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Why are internal links so important?

Many website owners invest a great deal to create high-quality content for their sites. Most understand that receiving backlinks from other websites plays a critical role in getting those pieces of content to rank. However, including appropriate links to your own content within your site (i.e. internal links) is just as important! In this article, we’ll explain why and review some best practices for internal links.

Internal links pass page authority to other pages on the site

Each page on your site contains a certain amount of page authority (a score developed on a 100-point logarithmic scale by Moz). A higher score means a page is more likely to rank highly. Page authority is calculated by looking at the number and quality of links that point to a single page. That page authority can then be passed along to other pages by linking to them. Let’s say page A, with a page authority of 90, contains internal links to three other pages. In this case, each of the recipient pages receives 33.3% of page A’s page authority.
TIP: If you have pages that you want to rank well, include links to them on pages that have high page authority.

Internal links make it easier for Google to crawl your site

To get your pages indexed, Google must crawl your site. The way it does this is it crawls the links to get from point A (for example, the home page) to point B (for example, a product page or blog post).
Pages that do not have internal links pointed towards them are known as orphan pages. It’s much more difficult for Google to find orphan pages.
You can see in this example that the nutrition page exists on its own island. There is no way to access it through the homepage or through other inner pages, rendering it relatively nonexistent in Google’s eyes. 

Internal links help users find more of your content

No matter how complex certain aspects of SEO may seem, the ultimate aim of the algorithm is to deliver the best results to users (or in SEO terms: to satisfy search intent). Therefore, it’s worthwhile to spend some time thinking through the user experience as you develop an internal linking strategy for your website.  Internal links play a critical part in helping users find the information they need as they navigate your site. If your page does not contain any internal links, once the user has finished reading the page, they will most likely leave your site. However, if your page does contain links to other helpful resources, they’re more likely to stay on your site, which typically increases the likelihood of conversion.  There’s an SEO benefit to this, too–Google tracks the lengths of time users spend on your site. The longer time they spend, Google is likely to recognize your site as authoritative, which helps with rankings. 

Editorial links vs. header/footer links

It’s important to make a distinction between editorial links and links that can be found in headers and footers. In simple terms, editorial links are links that can be found within the content of the page. On the other hand, header and footer links are typically found at the top and bottom of the page, respectively.  Currently, Google finds editorial links more valuable because they are most relevant to the user’s journey and users are more likely to click on them.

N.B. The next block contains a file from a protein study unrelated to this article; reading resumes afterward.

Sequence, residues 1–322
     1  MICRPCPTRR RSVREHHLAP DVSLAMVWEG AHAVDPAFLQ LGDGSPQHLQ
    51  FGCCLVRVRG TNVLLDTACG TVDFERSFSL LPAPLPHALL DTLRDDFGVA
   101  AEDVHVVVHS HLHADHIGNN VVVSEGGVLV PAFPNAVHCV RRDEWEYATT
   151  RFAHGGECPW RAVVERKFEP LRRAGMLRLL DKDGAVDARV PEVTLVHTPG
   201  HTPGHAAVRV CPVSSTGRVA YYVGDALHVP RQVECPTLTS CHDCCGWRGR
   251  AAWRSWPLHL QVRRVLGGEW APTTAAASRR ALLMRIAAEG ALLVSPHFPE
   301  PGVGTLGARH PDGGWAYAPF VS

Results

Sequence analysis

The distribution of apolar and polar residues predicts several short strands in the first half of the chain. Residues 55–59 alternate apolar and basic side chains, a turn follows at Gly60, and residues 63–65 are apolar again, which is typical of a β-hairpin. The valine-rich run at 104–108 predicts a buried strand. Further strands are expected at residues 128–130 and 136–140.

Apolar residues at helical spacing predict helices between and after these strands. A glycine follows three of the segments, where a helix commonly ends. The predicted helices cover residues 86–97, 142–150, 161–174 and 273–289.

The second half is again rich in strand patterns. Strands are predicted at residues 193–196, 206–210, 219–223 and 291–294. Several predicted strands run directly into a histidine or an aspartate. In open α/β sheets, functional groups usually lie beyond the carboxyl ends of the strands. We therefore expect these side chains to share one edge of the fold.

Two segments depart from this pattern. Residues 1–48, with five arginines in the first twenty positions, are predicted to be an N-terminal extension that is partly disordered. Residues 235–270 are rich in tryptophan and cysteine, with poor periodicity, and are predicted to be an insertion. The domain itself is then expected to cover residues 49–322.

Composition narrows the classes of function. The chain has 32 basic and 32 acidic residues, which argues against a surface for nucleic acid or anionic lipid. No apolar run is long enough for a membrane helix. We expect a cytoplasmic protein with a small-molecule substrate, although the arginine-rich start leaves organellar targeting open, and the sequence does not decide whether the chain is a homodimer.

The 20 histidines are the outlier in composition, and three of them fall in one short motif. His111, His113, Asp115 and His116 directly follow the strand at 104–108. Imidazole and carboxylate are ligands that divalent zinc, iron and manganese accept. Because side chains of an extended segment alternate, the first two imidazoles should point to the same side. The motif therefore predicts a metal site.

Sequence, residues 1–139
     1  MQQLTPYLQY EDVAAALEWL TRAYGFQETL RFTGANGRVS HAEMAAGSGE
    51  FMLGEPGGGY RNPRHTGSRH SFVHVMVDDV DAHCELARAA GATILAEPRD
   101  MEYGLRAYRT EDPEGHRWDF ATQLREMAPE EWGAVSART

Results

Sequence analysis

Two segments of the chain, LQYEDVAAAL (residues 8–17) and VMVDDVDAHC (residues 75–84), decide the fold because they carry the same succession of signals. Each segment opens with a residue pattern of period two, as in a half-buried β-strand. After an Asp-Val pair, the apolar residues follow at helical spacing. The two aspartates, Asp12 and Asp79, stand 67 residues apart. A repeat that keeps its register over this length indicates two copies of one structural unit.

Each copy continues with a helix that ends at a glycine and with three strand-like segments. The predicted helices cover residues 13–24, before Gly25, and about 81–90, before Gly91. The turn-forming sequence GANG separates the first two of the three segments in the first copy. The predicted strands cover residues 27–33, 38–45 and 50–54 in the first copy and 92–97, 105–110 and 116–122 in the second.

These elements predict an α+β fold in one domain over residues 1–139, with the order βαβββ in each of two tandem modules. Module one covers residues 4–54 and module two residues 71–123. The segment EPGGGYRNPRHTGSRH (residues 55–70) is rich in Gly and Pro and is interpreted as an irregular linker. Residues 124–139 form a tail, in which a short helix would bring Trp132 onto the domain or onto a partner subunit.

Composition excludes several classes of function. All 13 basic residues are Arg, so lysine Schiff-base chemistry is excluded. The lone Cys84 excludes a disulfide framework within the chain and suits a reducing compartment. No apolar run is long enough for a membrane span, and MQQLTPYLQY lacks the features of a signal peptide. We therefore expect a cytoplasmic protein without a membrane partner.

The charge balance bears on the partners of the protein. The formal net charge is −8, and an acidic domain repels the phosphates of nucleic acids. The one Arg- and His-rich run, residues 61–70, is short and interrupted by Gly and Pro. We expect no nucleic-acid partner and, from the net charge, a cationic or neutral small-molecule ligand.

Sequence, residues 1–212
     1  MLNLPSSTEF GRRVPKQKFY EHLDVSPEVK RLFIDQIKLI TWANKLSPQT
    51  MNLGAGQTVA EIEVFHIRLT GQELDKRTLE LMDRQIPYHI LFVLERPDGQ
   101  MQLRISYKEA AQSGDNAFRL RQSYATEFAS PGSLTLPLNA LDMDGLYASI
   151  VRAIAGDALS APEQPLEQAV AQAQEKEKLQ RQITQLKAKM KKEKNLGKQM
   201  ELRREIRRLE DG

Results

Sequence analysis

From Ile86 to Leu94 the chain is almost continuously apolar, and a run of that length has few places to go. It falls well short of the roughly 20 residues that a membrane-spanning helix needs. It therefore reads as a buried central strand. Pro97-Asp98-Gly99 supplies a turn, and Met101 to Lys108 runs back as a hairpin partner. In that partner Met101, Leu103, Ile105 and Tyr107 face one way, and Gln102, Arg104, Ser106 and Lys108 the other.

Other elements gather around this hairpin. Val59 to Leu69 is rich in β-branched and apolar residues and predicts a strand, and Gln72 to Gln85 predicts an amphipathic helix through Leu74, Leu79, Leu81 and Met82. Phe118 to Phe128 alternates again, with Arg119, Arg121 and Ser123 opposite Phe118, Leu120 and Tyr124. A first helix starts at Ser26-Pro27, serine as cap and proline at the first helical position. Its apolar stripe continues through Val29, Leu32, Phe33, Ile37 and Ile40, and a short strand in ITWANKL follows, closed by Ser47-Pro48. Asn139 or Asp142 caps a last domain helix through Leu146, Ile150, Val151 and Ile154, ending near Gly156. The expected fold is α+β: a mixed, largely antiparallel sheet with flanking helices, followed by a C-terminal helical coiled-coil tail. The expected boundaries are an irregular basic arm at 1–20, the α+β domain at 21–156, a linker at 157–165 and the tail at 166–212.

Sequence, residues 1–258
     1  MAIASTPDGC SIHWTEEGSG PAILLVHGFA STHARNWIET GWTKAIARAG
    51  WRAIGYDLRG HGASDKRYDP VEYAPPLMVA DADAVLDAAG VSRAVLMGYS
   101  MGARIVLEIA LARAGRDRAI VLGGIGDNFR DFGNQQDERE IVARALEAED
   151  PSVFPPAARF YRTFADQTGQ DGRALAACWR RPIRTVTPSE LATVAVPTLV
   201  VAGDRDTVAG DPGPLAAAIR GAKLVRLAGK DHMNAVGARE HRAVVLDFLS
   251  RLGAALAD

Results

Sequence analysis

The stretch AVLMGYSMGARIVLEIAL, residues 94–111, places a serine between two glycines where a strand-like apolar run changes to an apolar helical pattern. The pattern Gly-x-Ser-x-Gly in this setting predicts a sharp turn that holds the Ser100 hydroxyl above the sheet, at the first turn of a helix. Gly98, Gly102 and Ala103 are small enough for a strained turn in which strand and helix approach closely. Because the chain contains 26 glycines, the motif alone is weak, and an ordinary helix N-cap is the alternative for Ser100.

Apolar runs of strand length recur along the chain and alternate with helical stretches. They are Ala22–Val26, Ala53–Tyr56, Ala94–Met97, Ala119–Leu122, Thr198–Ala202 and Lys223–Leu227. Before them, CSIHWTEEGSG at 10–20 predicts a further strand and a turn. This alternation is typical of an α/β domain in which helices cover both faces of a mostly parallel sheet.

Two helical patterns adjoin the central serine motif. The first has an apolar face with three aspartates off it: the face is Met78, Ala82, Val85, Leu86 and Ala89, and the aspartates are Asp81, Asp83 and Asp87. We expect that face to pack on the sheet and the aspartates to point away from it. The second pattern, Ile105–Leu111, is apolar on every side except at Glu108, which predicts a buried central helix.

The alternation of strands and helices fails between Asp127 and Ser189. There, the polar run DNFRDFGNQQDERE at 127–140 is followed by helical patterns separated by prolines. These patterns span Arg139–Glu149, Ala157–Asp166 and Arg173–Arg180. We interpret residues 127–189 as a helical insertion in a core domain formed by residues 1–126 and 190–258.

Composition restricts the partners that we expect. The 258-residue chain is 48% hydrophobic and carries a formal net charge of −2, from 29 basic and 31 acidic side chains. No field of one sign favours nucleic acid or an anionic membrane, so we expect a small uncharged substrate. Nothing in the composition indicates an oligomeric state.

How many internal links should your page have?

There is no set number of internal links your content should have. While ex-Googler Matt Cutts recommends keeping it under 100, many blog posts would do fine with just a handful (3-4).  Remember: Each additional link reduces the amount of page authority that gets passed along to recipient pages.  If you’re having a hard time determining how many internal links to include in your content, prioritize the links that would be most helpful to the user as they navigate your site. 

More internal linking strategies

  • Use keyword rich anchor text. Try to use anchor text that incorporates the keywords people search. For example, let’s say you have an article about “the benefits of keto diet pills” and the keyword you really want it to rank for is “keto diet pills.” Later on, you produce an article on “weight loss strategies” and want to link to the keto diet pill article within it. The ideal anchor text for this link would be “keto diet pills”.
Warning: There is such a thing as over-optimization when it comes to anchor text. Using a other types of anchor text will ensure your link profile appears naturally developed. 
  • Develop an optimized site structure. Your site should be organized in a way that makes your categories and subcategories clear to both users and search engines. 
Let’s take a look at an example of a commonly used approach to organizing an e-commerce site. This structure makes logical sense but let’s take a look at another approach. Which of the two is more intuitive? Most users would prefer the second design. Additionally, there are more internal linking opportunities within subcategories for this structure.

Final thoughts

It’s easy to get lost in the technical weeds when developing an internal linking strategy for your site. By prioritizing the user experience, you’ll put your site in a position to succeed with Google’s algorithm.